So, to mark what I hope will be another fulfilling season of dreaming open-eyed in a darkened room with hundreds of similarly entranced patrons, here’s a brief glimpse into some of the Summer Movies of 2013 I’m looking forward to. Top 5 in reverse order:
IRON MAN 3 – Not sure where the Marvel series can go after last year’s supersmash-up THE AVENGERS, but it does offer a whiff of fresh air with Shane Black directing and writing, and the appearance of Ben Kingsley as The Mandarin – who by the way is also starring in Anchor Bay Films’ A COMMON MAN, coming out May 21st.
THE LONE RANGER – I think it was in a review of CHARLIE AND THE CHOCOLATE FACTORY that a reviewer wrote “This is Johnny Depp’s world and we’re just passing through.” The man does have a knack for finding the weird in, well, everything. I cringed when I first heard he was playing Tonto, but then again, I was dragged to see the first PIRATES OF THE CARIBBEAN film and look what happened with Depp channeling Keith Richards…in a Disney film, no less!
THE GREAT GATSBY – I’m not a huge Baz Luhrmann fan. I like Leonard DiCaprio ok, and while I read the F. Scott Fitzgerald novel back in high school, it’s not one of my particular favorite works of American letters. So why am I curious and/or excited? In a word, 3D. Right now, it’s perceived as a gimmick for kiddie/animated fare. But just Martin Scorsese showed in HUGO and Ang Lee really demonstrated in last year’s LIFE OF PI, 3D can be more than just a means to charge more for admission. And if enough “mature” filmmakers embrace the format, the sky’s truly the limit as to how 3D can become an actual artistic storytelling tool.
STAR TREK INTO DARKNESS – My expectations have already been fulfilled on this one. Thanks to a good friend, I had a chance to see this before its release this week. What J.J. Abrams has done in kick-starting this franchise cannot be underestimated. He has what I call “re-set the mythology” for the Star Trek universe. And for those who are fans of Benedict Cumberbatch, but think he’s acting beneath his talents to appear in a – gasp – Trekkie flick, I will say that while I’ve not seen him play the hero on BBC’s “Sherlock,” he is a thoroughly compelling and frightening foe for the crew of the Enterprise.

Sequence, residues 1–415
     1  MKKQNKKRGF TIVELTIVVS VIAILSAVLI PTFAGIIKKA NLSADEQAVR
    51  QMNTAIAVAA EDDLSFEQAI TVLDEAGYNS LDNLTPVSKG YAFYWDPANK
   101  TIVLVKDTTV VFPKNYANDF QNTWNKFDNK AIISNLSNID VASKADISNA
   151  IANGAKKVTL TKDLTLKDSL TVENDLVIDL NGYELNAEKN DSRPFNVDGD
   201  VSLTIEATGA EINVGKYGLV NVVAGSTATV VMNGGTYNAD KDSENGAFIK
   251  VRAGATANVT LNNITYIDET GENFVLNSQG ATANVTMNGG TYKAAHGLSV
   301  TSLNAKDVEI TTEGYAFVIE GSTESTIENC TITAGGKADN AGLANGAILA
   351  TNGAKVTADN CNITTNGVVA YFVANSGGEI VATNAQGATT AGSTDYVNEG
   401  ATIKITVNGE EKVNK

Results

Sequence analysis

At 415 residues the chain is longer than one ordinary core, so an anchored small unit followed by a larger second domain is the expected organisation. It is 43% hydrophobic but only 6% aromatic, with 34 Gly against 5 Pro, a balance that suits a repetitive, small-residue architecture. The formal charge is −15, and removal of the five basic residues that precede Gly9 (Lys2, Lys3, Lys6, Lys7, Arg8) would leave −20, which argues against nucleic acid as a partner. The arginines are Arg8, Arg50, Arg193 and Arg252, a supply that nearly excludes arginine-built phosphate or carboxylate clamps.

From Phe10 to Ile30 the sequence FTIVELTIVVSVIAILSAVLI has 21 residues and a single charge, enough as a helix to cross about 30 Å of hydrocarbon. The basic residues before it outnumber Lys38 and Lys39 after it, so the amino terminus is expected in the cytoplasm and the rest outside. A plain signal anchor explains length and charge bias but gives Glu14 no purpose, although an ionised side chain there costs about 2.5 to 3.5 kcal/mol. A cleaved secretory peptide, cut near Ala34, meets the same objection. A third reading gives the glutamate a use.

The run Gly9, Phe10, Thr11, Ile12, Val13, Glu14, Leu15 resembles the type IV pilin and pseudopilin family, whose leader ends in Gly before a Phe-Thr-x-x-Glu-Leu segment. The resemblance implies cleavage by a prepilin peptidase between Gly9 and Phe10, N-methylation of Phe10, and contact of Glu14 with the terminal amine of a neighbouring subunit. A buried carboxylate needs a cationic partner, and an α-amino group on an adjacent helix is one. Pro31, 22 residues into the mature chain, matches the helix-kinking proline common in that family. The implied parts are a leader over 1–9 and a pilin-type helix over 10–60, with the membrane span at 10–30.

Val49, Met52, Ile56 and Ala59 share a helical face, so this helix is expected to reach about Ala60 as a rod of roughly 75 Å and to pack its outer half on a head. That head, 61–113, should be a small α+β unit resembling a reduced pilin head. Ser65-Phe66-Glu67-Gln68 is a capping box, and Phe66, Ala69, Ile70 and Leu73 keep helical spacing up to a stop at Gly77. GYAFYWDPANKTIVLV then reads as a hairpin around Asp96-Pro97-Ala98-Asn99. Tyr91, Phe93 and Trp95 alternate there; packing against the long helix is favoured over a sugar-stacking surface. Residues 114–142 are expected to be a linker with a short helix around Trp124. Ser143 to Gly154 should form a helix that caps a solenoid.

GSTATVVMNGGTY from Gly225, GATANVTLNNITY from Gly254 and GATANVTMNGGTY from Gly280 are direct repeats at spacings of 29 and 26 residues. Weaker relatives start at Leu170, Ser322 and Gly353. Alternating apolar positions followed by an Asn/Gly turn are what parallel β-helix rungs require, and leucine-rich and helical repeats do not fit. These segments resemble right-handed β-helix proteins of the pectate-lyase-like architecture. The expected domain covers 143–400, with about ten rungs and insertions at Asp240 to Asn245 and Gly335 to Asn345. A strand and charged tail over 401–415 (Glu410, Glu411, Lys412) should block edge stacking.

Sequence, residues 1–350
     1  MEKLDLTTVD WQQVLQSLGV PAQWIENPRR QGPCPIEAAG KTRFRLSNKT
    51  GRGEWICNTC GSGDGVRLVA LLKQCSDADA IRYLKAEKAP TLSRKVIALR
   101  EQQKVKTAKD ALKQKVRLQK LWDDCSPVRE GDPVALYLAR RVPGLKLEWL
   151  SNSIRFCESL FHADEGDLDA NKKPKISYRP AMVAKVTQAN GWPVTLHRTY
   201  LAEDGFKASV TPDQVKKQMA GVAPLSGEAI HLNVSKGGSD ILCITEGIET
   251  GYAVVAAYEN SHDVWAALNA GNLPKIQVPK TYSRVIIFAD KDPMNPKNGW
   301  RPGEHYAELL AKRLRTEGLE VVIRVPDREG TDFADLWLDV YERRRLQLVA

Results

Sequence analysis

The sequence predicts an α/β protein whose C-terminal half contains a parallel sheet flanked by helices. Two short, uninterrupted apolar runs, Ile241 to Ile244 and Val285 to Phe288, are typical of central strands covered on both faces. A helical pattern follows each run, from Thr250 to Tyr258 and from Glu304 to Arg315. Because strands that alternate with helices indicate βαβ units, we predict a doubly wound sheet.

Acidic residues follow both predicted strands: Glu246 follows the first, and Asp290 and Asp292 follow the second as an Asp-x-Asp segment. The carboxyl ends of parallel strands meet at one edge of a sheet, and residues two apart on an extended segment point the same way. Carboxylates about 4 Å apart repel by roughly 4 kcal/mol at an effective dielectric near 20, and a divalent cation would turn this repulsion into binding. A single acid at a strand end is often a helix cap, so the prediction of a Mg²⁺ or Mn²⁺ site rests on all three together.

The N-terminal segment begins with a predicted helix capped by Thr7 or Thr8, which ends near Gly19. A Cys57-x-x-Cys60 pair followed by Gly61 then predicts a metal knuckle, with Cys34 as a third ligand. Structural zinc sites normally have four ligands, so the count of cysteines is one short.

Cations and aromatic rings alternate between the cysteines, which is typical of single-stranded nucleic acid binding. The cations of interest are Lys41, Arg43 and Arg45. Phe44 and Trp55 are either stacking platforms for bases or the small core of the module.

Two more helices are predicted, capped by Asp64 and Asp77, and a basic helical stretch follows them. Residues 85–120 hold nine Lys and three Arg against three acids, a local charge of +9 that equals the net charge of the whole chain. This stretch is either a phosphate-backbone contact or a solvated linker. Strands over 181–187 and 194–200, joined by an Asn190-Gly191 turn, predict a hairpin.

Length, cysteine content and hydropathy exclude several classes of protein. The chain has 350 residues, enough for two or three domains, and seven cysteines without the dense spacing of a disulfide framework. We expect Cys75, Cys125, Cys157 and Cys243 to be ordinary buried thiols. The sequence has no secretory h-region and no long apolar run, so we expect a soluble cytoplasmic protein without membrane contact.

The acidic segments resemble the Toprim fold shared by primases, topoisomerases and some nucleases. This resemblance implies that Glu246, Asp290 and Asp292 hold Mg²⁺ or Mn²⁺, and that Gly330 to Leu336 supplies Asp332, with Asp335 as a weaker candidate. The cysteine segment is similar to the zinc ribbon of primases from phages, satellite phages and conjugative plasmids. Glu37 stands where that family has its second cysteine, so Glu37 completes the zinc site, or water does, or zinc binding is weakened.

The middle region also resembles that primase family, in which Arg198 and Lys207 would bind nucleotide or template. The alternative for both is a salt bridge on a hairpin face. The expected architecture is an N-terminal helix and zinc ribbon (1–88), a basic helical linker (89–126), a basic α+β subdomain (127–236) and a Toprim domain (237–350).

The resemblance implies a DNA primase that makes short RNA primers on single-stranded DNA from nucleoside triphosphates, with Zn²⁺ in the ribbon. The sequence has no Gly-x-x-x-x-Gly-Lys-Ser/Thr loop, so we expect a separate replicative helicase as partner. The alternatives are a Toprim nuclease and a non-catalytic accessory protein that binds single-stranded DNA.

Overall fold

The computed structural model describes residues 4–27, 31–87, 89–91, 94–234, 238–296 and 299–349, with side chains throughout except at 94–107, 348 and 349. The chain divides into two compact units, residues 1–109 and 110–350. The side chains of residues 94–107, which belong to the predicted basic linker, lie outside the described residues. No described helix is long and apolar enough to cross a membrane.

SUPERMAN: MAN OF STEEL – Perhaps of all the summer 2013 blockbusters, it is with the most cautious optimism that I wait for this release. Superman is literally American mythology, wrapped up in, well, red, blue and (almost) white. He’s also the reason we even have superhero cinema at all, dating back to Richard Donner’s 1978 epic – which found many detractors in what we call today his “reiminaging” of the iconic characters and the universe in which they reside. There are those who say our culture has become too cynical for a hero so pure in purpose. I guess we’ll find out June 14th when the encased S returns.